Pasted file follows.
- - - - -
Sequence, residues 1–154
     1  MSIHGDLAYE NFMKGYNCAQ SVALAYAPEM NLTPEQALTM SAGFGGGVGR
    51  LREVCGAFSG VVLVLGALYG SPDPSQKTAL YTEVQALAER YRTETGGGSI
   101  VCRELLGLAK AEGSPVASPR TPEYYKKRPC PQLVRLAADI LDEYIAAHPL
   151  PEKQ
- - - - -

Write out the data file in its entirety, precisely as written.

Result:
Sequence, residues 1–154
     1  MSIHGDLAYE NFMKGYNCAQ SVALAYAPEM NLTPEQALTM SAGFGGGVGR
    51  LREVCGAFSG VVLVLGALYG SPDPSQKTAL YTEVQALAER YRTETGGGSI
   101  VCRELLGLAK AEGSPVASPR TPEYYKKRPC PQLVRLAADI LDEYIAAHPL
   151  PEKQ